Today, the U.S. Food and Drug Administration approved a new indication for Myrbetriq (mirabegron extended-release tablets) and Myrbetriq Granules (mirabegron for extended-release oral suspension) to treat neurogenic detrusor overactivity (NDO), a bladder dysfunction related to neurological impairment, in children ages three years and older. Myrbetriq is also indicated for overactive bladder in adult patients.
Today’s action is a positive step for the treatment of NDO in young patients. Mirabegron, the active ingredient in Myrbetriq and Myrbetriq Granules, works by a different mechanism of action from the currently approved treatments, providing a new treatment option for these young patients. We remain committed to facilitating the development and approval of safe and effective therapies for pediatric NDO patients.”
Christine P. Nguyen, M.D., Director, FDA’s Division of Urology, Obstetrics and Gynecology, Office of Rare Diseases, Pediatrics, Urologic and Reproductive Medicine, Center for Drug Evaluation and Research
NDO is a dysfunction of the bladder that results from congenital conditions (inherited conditions beginning at or before birth), such as spina bifida, or other disease or injury in the nervous system, such as spinal cord injury. With NDO, there is overactivity of the bladder wall muscle, which normally relaxes to allow storage of urine. The bladder wall muscle overactivity in NDO results in sporadic bladder muscle contraction, which increases pressure in the bladder and decreases the volume of urine the bladder can hold. If NDO is not treated, increased pressure in the bladder can put the upper urinary tract at risk of harm, including possible permanent damage to the kidneys. In addition, spontaneous bladder muscle contractions can lead to unexpected and frequent leakage of urine with symptoms of urinary urgency (immediate need to urinate), frequency (urinating more often than normal) and incontinence (loss of bladder control).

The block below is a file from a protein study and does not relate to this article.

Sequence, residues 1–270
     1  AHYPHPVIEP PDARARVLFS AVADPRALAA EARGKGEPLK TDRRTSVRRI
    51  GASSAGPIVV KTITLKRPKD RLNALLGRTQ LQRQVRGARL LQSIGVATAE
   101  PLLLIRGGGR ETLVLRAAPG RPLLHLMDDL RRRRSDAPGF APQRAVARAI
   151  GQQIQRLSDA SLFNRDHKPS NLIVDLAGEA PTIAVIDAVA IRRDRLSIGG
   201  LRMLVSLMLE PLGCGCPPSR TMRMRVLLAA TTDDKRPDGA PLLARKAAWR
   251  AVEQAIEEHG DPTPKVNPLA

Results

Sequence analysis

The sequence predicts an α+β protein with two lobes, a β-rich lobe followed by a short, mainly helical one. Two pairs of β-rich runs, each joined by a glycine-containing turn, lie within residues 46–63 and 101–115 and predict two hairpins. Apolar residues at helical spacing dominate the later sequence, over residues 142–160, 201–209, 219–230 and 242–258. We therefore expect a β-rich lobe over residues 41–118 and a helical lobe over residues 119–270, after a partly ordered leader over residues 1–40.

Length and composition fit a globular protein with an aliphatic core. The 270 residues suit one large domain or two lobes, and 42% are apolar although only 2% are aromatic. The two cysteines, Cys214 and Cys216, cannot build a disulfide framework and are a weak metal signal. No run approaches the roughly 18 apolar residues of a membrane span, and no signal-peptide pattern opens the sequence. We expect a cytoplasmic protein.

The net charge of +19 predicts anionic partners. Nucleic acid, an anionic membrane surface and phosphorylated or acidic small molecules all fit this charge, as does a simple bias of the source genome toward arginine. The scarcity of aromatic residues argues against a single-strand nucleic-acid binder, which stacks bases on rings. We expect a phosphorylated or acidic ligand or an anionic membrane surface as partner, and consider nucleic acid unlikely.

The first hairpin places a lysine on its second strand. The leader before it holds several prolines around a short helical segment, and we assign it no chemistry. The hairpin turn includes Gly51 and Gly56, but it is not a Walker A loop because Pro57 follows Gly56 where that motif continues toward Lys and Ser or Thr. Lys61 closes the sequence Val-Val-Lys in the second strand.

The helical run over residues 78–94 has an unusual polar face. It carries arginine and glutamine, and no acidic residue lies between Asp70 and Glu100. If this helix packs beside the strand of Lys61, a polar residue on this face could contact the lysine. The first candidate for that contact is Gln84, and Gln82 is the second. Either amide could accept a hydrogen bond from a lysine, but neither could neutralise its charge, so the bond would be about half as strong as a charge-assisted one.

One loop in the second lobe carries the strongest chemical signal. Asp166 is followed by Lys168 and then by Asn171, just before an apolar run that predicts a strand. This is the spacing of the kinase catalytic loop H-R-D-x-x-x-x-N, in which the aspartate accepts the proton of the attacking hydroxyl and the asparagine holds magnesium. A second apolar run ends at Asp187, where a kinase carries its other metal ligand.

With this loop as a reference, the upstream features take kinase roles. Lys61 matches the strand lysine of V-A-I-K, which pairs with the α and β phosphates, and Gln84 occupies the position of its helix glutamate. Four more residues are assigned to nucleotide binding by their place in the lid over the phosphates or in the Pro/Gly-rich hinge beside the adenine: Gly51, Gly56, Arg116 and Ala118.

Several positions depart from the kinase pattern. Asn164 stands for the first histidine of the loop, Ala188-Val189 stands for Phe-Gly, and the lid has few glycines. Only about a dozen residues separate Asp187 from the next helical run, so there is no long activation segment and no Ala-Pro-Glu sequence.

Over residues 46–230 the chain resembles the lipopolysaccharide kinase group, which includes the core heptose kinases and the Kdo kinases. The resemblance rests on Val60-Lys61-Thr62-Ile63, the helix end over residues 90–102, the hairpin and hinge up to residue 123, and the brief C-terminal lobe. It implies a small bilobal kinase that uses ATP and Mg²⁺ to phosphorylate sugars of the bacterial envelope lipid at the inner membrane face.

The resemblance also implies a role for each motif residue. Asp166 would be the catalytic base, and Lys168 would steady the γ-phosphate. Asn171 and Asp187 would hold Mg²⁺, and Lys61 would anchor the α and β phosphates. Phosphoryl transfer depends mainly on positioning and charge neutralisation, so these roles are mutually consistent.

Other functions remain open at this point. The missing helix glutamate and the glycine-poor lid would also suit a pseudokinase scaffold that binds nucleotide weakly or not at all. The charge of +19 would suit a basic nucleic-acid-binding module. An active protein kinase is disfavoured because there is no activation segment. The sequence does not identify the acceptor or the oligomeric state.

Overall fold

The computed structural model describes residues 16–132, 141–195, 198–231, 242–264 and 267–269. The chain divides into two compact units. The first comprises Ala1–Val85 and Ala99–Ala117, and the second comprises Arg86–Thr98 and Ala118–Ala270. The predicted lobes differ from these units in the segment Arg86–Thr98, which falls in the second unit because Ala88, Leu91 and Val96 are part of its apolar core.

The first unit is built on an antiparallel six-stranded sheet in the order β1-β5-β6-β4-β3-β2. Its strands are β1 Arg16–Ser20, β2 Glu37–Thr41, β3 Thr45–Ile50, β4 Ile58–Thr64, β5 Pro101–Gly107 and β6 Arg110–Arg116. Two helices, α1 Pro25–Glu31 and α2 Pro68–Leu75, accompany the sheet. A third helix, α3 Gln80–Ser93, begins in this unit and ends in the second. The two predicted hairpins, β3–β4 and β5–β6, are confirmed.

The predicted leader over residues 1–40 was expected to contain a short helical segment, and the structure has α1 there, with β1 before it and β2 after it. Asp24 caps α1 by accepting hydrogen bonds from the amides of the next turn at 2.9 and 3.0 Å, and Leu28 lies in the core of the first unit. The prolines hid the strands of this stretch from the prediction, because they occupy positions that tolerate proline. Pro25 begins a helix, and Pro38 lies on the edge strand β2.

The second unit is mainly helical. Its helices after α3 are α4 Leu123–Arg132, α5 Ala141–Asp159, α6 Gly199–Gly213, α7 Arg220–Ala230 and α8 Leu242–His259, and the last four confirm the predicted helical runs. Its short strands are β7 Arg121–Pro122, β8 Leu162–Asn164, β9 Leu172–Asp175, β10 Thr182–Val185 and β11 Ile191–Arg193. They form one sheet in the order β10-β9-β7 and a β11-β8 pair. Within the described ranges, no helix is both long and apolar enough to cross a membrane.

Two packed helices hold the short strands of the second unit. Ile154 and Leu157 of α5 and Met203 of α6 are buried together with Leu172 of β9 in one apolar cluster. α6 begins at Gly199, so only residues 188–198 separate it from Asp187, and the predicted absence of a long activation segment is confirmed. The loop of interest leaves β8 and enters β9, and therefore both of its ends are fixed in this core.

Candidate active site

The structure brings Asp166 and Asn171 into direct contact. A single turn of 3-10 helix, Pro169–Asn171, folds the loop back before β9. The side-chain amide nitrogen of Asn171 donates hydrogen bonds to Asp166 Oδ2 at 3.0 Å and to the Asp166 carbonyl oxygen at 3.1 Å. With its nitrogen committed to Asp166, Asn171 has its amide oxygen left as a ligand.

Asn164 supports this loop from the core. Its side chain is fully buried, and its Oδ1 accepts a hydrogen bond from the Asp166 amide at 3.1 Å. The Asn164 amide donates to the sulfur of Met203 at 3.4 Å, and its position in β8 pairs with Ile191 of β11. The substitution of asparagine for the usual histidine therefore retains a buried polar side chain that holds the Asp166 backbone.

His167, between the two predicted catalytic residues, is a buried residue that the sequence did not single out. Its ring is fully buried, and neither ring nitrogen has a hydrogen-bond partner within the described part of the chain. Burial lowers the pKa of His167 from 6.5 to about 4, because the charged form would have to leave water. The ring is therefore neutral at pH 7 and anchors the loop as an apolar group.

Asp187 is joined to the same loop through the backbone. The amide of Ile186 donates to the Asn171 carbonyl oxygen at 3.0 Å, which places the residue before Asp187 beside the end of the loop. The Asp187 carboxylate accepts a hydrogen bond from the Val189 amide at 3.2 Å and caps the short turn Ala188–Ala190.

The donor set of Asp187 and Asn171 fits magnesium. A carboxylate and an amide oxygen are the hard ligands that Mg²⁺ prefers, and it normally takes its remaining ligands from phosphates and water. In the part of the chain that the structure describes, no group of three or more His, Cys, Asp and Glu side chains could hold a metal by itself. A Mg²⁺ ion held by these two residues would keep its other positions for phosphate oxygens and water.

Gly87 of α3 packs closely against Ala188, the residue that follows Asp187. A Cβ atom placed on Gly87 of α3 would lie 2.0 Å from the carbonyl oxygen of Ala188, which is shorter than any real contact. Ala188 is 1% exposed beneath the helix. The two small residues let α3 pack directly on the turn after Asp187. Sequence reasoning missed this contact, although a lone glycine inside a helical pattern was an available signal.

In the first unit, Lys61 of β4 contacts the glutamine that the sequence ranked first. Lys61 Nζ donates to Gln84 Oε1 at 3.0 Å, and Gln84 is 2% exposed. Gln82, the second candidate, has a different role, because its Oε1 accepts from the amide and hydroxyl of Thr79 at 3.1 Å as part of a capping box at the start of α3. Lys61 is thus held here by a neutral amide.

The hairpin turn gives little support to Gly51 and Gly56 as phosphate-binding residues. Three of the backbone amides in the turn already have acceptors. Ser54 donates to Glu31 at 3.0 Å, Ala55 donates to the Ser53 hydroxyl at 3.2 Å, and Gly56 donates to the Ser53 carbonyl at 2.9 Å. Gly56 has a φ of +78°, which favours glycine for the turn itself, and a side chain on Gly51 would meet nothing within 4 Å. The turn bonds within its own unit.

The efficacy of Myrbetriq and Myrbetriq Granules for the pediatric NDO indication was established in a study of 86 patients ages 3 to 17 years old. Improvements occurred in patients’ maximum cystometric (bladder) capacity, number of detrusor (bladder wall muscle) contractions, volume of urine held until first detrusor (bladder wall muscle) contraction and number of daily urine leakage episodes after 24 weeks of treatment.
The most common side effects with Myrbetriq and Myrbetriq Granules with NDO were urinary tract infection, nasopharyngitis (common cold), constipation and headache. Myrbetriq and Myrbetriq Granules may increase blood pressure and may make blood pressure worse in patients with a history of high blood pressure. Myrbetriq and Myrbetriq Granules may cause angioedema, an allergic reaction with swelling of the lips, face, tongue or throat. Patients should promptly discontinue Myrbetriq and Myrbetriq Granules and seek medical attention if angioedema associated with upper airway swelling occurs, as this may be life-threatening.
Myrbetriq and Myrbetriq Granules are two different products and they are not substitutable on a milligram-per-milligram basis. A recommended dosage for Myrbetriq Granules for adults has not been determined.
The FDA granted the approval of Myrbetriq and Myrbetriq Granules to Astellas Pharma US, Inc.